ASRock FM2A85X Extreme6 Motherboard
By Gabriel Torres on October 11, 2012
The ASRock FM2A85X Extreme6 is a motherboard based on the most high-end chipset for the new FM2 platform, the A85X (codenamed “Hudson D4”), and is targeted to the second-generation APUs from AMD, codename “Trinity.” Let’s see what this motherboard has to offer.
APU is a name that AMD coined for their CPUs with integrated video. They are also known as A-series, as models start with the letter “A” (A4, A6, A8, and A10).
There are three chipsets available for the new FM2 platform: A85X, A75, and A55. The A75 and A55 chipsets were released in 2011 with the FM1 platform, which is used by the first-generation of APUs from AMD. The A85X is a new chipset, released this month. In the table below, we compare the main differences between these three chipsets. As you can see, the main difference between the A85X and the A75 is the addition of two more SATA-600 ports on the A85X.
PCI Express 2.0 x1
“FIS-based switching” is an eSATA port multiplier technology, which allows you to install more than one hard drive to a single SATA port. Click here to learn more. UMI stands for Unified Media Interface; it is the interface that connects the CPU to the chipset.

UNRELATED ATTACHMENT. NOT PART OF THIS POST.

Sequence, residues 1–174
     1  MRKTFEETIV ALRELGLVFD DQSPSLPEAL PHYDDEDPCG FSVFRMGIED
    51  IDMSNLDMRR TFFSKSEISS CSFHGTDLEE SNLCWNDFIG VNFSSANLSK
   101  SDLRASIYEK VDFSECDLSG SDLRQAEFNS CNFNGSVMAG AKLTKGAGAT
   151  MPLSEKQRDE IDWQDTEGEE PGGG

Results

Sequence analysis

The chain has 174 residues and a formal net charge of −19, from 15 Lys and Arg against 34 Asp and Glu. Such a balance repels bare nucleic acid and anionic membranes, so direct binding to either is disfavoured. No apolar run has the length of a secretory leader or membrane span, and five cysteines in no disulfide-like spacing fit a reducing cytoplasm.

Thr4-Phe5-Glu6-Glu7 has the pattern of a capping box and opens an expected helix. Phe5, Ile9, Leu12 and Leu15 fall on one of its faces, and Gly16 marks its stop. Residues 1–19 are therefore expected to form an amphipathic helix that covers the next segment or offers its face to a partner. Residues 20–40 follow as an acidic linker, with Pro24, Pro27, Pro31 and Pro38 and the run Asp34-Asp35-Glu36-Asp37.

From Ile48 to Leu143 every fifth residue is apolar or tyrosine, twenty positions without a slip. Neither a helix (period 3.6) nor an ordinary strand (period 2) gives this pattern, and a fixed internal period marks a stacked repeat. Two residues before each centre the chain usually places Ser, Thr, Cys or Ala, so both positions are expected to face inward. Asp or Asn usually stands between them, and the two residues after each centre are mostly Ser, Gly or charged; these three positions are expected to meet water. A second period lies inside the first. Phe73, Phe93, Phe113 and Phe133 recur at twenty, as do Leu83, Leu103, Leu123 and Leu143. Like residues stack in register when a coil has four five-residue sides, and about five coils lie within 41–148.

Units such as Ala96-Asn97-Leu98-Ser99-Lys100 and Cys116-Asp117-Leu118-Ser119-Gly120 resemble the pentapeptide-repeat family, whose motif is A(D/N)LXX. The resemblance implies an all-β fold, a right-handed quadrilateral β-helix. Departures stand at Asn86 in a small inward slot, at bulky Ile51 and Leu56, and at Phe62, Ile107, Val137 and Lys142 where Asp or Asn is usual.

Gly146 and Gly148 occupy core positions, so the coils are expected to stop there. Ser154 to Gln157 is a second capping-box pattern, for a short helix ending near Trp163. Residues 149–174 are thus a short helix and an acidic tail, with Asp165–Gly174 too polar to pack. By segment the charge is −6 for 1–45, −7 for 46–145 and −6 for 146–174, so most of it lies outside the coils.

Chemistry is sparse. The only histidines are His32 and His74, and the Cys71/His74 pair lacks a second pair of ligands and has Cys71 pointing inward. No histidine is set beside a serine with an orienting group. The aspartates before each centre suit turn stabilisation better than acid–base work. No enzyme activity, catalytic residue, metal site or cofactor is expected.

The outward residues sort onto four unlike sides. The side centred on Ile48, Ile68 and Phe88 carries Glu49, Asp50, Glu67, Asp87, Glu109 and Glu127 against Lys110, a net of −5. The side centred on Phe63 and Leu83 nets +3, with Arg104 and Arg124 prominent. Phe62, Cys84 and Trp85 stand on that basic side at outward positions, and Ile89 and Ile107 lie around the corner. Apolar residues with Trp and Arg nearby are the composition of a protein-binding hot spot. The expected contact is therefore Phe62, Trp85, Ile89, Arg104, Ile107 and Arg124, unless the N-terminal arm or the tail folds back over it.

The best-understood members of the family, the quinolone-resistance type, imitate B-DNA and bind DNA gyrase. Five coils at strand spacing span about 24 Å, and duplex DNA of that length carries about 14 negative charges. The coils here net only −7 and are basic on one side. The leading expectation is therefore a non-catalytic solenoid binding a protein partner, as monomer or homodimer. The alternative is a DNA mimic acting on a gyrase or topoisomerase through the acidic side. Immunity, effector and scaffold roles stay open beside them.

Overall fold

AMD APUs have an embedded PCI Express 2.0 controller, with one PCI Express 2.0 x16 port and four PCI Express 2.0 x1 ports. Second-generation APUs allow the x16 port to be divided into two x8 ports. It is important to understand that this is a feature provided by the processor, not by the chipset.
In addition, the FM2A85X Extreme6 supports the Virtu Universal MVP, which allows you to combine the performance of the integrated graphics processor available in the CPU with the performance of any video card installed. This is similar to what occurs with the Hybrid SLI and ATI Hybrid Graphics technologies, with the notable difference of not being limited to GPUs from a specific manufacturer.
In Figure 1, you see the ASRock FM2A85X Extreme6 motherboard. It is based on the standard ATX form factor (12 x 9.6 inches or 305 x 244 mm).
The ASRock FM2A85X Extreme6 comes with three PCI Express 2.0 x16 slots, two PCI Express 2.0 x1 slots, and two standard PCI slots.
The first two PCI Express 2.0 x16 slots are controlled by the CPU, with the first slot working at x16 when only one video card is installed, and with both working at x8 when two video cards are installed. The third PCI Express 2.0 x16 slot (PCIE5) is controlled by the chipset and always works at x4 speed. You will need a computer case with at least eight expansion slots if you want to install a dual-slot video card in this slot. (Computer cases usually have seven expansion slots.)
The PCI Express x16 slots support CrossFireX technology.